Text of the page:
Pope John II was Bishop of Rome from 2 January 533 to his death in 535.
Pope Sixtus I, a Roman of Greek descent, was the Bishop of Rome from c. 115 to his death c. 124. He succeeded Pope Alexander I and was in turn succeeded by Pope Telesphorus. His feast is celebrated on 6 April.
Pope Sixtus II was the Pope or Bishop of Rome from 31 August 257 until his death on 6 August 258. He was martyred along with seven deacons, including Lawrence of Rome during the persecution of the Catholic Church by Emperor Valerian. According to the Liber Pontificalis, he was born in Greece and was a philosopher; however, this is uncertain, and is disputed by modern western historians arguing that the authors of Liber Pontificalis confused him with that of the contemporary author Xystus, who was a Greek student of Pythagoreanism. He restored the relations with the African and Eastern churches which had been broken off by his predecessor on the question of heretical baptism raised by the heresy Novatianism.
Pope Urban I was Bishop of Rome or Pope from 222 to 23 May 230. He was born in Rome and succeeded Pope Callixtus I, who had been martyred. It was previously believed for centuries that Urban I was also martyred. However, recent historical discoveries now lead scholars to believe that he died of natural causes.
Year 432 (CDXXXII) was a leap year starting on Friday of the Julian calendar. At the time, it was known as the Year of the Consulship of Aetius and Valerius. The denomination 432 for this year has been used since the early medieval period, when the Anno Domini calendar era became the prevalent method in Europe for naming years.
Pope Leo I, also known as Saint Leo the Great, was Bishop of Rome from 29 September 440 and died in 461. Pope Benedict XVI said that Leo's papacy "...was undoubtedly one of the most important in the Church's history."
Pope Clement I, also known as Saint Clement of Rome, is listed by Irenaeus and Tertullian as Bishop of Rome, holding office from 88 to his death in 99. He is considered to be the first Apostolic Father of the Church, one of the three chief ones together with Polycarp and Ignatius of Antioch.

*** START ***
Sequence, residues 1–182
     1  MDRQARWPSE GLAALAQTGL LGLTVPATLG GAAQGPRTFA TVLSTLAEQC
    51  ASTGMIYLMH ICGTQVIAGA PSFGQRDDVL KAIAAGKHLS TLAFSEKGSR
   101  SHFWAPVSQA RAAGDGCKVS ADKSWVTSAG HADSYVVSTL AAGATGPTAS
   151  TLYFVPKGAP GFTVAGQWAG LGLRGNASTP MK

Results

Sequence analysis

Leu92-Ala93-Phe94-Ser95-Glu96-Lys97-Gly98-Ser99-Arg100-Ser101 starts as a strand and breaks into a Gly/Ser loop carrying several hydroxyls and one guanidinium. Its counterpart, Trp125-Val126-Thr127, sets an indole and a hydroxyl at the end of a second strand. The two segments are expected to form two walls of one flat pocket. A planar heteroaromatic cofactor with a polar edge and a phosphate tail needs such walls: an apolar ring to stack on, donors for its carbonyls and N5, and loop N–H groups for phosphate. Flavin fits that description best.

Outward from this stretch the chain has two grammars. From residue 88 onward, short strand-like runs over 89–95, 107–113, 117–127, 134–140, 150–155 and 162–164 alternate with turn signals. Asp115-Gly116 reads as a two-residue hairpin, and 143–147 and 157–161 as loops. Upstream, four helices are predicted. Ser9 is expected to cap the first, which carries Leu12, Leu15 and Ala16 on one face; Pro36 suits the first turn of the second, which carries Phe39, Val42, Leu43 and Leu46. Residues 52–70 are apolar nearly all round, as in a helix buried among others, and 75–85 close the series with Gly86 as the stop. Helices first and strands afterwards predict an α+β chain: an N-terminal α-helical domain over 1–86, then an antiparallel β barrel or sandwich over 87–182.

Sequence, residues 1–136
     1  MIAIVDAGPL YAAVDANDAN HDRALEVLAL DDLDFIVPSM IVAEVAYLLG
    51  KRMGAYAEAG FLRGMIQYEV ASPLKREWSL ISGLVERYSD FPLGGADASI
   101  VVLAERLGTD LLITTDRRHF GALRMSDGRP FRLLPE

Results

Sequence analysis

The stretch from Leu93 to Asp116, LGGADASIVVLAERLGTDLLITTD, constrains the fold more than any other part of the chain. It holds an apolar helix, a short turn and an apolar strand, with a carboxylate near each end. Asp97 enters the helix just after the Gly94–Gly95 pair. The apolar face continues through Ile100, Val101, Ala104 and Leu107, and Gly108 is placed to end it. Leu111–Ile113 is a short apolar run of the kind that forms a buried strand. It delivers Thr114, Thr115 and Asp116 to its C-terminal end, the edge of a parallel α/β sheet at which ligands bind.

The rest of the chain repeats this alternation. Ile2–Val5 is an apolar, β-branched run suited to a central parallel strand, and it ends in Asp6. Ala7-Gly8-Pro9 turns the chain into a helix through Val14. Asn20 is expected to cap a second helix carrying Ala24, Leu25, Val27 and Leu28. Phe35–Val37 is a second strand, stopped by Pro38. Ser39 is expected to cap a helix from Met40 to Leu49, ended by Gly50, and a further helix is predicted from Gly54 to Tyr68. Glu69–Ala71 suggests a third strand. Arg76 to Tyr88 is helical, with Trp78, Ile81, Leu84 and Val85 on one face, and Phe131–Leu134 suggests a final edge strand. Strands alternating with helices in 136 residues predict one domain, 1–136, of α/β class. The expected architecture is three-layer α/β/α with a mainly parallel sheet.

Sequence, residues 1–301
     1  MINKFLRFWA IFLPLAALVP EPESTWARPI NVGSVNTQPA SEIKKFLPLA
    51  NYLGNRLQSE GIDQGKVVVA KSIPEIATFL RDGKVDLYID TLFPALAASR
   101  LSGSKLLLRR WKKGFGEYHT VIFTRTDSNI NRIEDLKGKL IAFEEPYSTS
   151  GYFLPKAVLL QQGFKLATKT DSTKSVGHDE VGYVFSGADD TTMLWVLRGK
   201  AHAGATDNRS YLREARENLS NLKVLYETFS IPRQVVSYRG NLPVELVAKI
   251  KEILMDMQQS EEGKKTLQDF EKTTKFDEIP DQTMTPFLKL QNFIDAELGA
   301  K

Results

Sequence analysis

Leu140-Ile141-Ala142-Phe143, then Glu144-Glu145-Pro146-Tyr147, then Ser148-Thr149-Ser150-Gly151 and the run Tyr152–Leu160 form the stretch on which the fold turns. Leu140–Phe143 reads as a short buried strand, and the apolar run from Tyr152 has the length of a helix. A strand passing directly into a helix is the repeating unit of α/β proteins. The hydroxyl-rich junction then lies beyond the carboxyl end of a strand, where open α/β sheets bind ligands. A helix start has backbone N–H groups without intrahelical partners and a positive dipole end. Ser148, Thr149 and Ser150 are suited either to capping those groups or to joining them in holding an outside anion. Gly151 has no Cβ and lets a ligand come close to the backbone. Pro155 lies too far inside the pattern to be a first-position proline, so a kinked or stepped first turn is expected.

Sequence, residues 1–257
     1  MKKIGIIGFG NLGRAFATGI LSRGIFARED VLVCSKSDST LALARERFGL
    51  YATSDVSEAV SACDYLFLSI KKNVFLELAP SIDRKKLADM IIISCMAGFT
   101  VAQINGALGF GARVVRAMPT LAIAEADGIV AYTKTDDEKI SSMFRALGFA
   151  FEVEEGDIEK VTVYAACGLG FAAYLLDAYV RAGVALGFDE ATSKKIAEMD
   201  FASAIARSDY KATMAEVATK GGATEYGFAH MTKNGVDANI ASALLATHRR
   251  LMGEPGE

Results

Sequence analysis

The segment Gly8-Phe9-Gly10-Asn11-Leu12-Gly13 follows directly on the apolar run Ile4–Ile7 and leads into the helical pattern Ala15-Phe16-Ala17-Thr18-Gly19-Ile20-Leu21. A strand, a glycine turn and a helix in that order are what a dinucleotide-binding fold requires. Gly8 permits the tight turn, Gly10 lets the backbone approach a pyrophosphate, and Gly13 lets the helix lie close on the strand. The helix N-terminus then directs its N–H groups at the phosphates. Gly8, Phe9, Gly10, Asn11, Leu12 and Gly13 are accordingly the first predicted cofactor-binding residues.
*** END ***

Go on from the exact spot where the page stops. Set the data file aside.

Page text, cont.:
Pope John I was Pope from 13 August 523 to his death in 526. He was a native of Siena, in Italy. He was sent on a diplomatic mission to Constantinople by the Ostrogoth King Theoderic to negotiate better treatment for Arians. Although relatively successful, upon his return to Ravenna, Theoderic had the Pope imprisoned for allegedly conspiring with Constantinople. The frail pope died of neglect and ill-treatment.
Saint Lawrence or Laurence was one of the seven deacons of the city of Rome, Italy, under Pope Sixtus II who were martyred in the persecution of the Christians that the Roman Emperor Valerian ordered in 258.
Eutyches was a presbyter and archimandrite at Constantinople. He first came to notice in 431 at the First Council of Ephesus, for his vehement opposition to the teachings of Nestorius; his condemnation of Nestorianism as heresy led him to an equally extreme, although opposite view, which precipitated his being denounced as a heretic himself.
Flavian, sometimes Flavian I, was Archbishop of Constantinople from 446 to 449. He is venerated as a saint by the Eastern Orthodox Church and the Roman Catholic Church.
Pope Dioscorus I of Alexandria, 25th Pope of Alexandria & Patriarch of the See of St. Mark. He was deposed by the Council of Chalcedon in 451 but was recognized as Patriarch by the Coptic Church until his death. He died on the Island of Gangra, Paphlagonia, in September 454. He is venerated as a saint by the Coptic and other Oriental Orthodox churches.
The Roman Catholic Diocese of Imola is a territory in Romagna, northern Italy. It is a suffragan of the Archdiocese of Bologna. The diocese had originally been a suffragan of the metropolitan of Milan, and was then subject to the Archbishop of Ravenna until 1582, when Pope Gregory XIII made Bologna an archbishopric and assigned it two suffragans, Imola and Cervia. In 1604, however, Pope Clement VIII returned them to the metropolitanate of Ravenna. Pope Pius VII transferred Imola back to the metropolitanate of Bologna.
Eulogius of Alexandria was Greek Patriarch of that see from 580 to 608. He is regarded as a saint, with a feast day of September 13.
The Archdiocese of Ravenna-Cervia is a metropolitan archdiocese of the Roman Catholic Church in the Emilia-Romagna region of Italy.
Silvio Antoniani was a musician, canon lawyer, writer on education, priest and cardinal of the Roman Catholic Church, who spent most of his career in the Roman Curia.
The Church Fathers, Early Church Fathers, Christian Fathers, or Fathers of the Church were ancient and influential Christian theologians and writers. There is no definitive list. The era of these scholars who set the theological and scholarly foundations of Christianity largely ended by AD 700.
The following outline is provided as an overview of and topical guide to the Catholic Church:
Peter Damian was a reforming Benedictine monk and cardinal in the circle of Pope Leo IX. Dante placed him in one of the highest circles of Paradiso as a great predecessor of Saint Francis of Assisi and he was declared a Doctor of the Church in 1828. His feast day is 21 February.